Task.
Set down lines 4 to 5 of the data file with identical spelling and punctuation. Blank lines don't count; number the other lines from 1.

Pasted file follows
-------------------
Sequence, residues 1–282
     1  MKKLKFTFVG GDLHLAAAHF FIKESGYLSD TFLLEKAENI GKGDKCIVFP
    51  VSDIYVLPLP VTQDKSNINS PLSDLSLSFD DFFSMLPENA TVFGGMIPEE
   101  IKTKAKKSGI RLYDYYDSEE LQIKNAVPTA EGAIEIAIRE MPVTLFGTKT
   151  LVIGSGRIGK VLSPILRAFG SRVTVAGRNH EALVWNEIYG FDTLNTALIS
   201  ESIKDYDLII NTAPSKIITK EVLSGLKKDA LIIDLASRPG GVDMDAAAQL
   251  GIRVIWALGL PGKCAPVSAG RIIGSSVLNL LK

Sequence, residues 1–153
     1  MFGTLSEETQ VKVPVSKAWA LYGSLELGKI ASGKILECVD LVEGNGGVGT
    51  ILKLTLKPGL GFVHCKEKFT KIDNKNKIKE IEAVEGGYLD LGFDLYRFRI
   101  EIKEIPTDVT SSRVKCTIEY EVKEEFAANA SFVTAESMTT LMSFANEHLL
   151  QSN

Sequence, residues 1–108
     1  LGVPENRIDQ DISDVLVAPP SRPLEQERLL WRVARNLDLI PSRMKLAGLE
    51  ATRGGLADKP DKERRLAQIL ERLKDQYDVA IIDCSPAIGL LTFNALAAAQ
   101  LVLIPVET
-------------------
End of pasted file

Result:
   101  IKTKAKKSGI RLYDYYDSEE LQIKNAVPTA EGAIEIAIRE MPVTLFGTKT
   151  LVIGSGRIGK VLSPILRAFG SRVTVAGRNH EALVWNEIYG FDTLNTALIS